WASHINGTON, Jan. 1 (UPI) -- The "fiscal cliff" deal passed in the Senate struck strong opposition among U.S. House Republicans Tuesday, clouding prospects for immediate passage.
House Majority Leader Eric Cantor, R-Va., after a behind doors meeting with fellow Republicans, said he opposed the Senate legislation, which lets taxes rise on upper income households, The Washington Post reported.
Canter forcefully expressed his opposition behind closed doors, and other Republicans did the same, the report said.
The Post said Cantor's opposition probably derails any fast House passage of the Senate bill without amendments. But the Senate is in recess, and the current Congress ends Thursday.
The Congressional Budget Office estimated the measure will add nearly $4 trillion to the U.S. debt in the next 10 years because of lost revenue or payments on refundable tax credits, Politico reported.
New year, new state laws
WASHINGTON, Jan. 1 (UPI) -- Four hundred new state laws are in effect with the new year, and some of them are strange, the National Conference of State Legislatures reported.
Among the activities now illegal are allowing a hunting dog to chase a bear in California, release of a feral hog into the Kentucky wild and, for Illinois sex offenders, work as Santa, pass out Halloween candy or dress as the Easter Bunny.
California and Illinois are among a number of states banning employers from requesting social networking passwords or screen names from prospective employees, the news agency Politico reported Tuesday.
Illinois also made it a felony to have sex with a corpse, after years of relying on a court room charge of "criminal damage to property."
"The death of a loved one is bad enough, but it should be much more than criminal damaged property," state representative Daniel Beiser, who sponsored the bill, told the St. Louis Post-Dispatch. "This is a completely appropriate charge."
Massachusetts repealed a law demanding every item in a grocery store to have a price label, opting instead for price scanners around the store, and New York banned the sale of electric cigarettes to children, Politico noted.
Putin urges Russians to be benevolent
MOSCOW, Jan. 1 (UPI) -- Vladimir Putin, eight months into his third term as president, urged fellow Russians Tuesday to be more "responsive and benevolent" in the New Year.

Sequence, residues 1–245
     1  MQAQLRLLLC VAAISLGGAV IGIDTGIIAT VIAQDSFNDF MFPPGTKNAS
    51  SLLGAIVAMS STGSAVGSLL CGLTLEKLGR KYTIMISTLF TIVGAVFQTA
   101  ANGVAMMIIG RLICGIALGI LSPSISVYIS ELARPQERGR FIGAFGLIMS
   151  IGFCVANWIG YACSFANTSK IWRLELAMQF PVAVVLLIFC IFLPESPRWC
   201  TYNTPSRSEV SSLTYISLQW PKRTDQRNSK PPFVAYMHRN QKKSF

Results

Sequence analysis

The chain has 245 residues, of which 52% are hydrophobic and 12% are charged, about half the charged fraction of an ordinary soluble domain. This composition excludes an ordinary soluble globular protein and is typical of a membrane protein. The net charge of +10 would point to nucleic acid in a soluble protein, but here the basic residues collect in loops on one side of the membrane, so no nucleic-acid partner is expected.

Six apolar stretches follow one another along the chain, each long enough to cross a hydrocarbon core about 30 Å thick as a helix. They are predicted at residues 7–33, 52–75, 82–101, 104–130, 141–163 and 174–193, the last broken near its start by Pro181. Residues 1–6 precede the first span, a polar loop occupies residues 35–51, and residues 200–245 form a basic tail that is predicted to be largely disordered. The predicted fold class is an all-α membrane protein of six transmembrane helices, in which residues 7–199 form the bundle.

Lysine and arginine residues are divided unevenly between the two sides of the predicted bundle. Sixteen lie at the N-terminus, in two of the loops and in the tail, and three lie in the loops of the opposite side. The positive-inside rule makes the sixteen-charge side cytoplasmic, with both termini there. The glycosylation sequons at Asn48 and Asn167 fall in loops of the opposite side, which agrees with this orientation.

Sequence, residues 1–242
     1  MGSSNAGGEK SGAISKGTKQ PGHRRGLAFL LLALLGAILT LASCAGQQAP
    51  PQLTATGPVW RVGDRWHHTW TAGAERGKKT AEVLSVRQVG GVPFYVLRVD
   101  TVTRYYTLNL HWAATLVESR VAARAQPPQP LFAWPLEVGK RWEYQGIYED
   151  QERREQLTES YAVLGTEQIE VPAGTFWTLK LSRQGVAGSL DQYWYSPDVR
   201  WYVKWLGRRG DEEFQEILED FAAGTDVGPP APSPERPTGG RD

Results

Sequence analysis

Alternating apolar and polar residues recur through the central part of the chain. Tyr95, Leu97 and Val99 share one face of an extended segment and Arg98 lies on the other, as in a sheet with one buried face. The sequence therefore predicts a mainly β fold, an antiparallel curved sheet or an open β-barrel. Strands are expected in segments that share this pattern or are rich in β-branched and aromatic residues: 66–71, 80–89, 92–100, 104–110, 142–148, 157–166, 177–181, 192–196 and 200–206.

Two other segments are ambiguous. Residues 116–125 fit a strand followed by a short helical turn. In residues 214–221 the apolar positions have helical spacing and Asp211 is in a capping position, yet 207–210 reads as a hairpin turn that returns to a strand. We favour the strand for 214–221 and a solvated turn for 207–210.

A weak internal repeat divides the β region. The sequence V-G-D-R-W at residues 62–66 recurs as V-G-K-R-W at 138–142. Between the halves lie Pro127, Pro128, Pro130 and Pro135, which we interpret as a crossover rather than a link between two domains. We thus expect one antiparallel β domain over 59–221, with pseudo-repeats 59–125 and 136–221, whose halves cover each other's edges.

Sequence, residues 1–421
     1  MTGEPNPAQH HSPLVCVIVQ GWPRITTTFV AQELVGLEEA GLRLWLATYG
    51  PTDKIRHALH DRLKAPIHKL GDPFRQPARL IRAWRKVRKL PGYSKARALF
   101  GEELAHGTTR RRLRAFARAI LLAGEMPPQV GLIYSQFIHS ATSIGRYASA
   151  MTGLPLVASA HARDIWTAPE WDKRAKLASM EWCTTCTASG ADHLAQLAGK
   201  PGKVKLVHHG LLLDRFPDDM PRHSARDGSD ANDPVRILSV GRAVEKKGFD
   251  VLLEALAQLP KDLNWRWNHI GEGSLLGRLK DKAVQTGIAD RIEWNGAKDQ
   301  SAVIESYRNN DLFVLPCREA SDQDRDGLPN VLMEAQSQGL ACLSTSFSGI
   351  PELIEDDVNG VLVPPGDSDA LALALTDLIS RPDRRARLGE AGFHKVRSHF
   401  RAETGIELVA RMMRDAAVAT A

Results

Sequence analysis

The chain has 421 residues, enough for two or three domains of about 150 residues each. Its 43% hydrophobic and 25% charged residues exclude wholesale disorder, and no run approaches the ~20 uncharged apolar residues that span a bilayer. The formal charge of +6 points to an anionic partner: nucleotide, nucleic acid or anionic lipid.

In a message delivered shortly after midnight, Putin talked about love of family and country, RIA Novosti reported. His brief speech was short on specifics.
Putin said at the end of the year everyone becomes more conscious of how time is "fleeting."
"We should become more responsive and benevolent, more generous and caring toward our loved ones, our children and parents, our friends and colleagues, and everyone who needs our support," he said.
Putin's decision to run for a third term after spending four years as prime minister prompted large protests. He called on the country to stand united.
"As we face the future, we naturally hope for positive, joyful changes, and our personal plans are inseparable from Russia, from our heartfelt, noble feelings toward our Fatherland," Putin said.
One of Putin's last major actions in 2012 was to sign a law banning U.S. adoptions in Russia.
P.M. touts Canada economic growth in 2012
OTTAWA, Jan. 1 (UPI) -- Canadian Prime Minister Stephen Harper touted the country's relative economic health as he listed his government's achievements in the past year.
In a statement released Monday, Harper said that by making the public sector more efficient and cutting debt Canada had finished the year with one of the strongest economies in the Group of Seven countries.
"The international community has taken note of our success this year: Forbes magazine has ranked Canada as number one in its annual review of the best countries for business; for the fifth year in a row, the World Economic Forum has rated Canada's banking system as the world's soundest; and both the IMF and OECD expect Canada to be among the strongest growing economies in the G-7 next year," he added.
In 2012, Canada also improved its immigration system and strengthened the relationship between the national government and the indigenous population, known in Canada as First Nations, Harper said. The Responsible Resource Development Plan and quicker approval of energy projects will also help the economy, he added.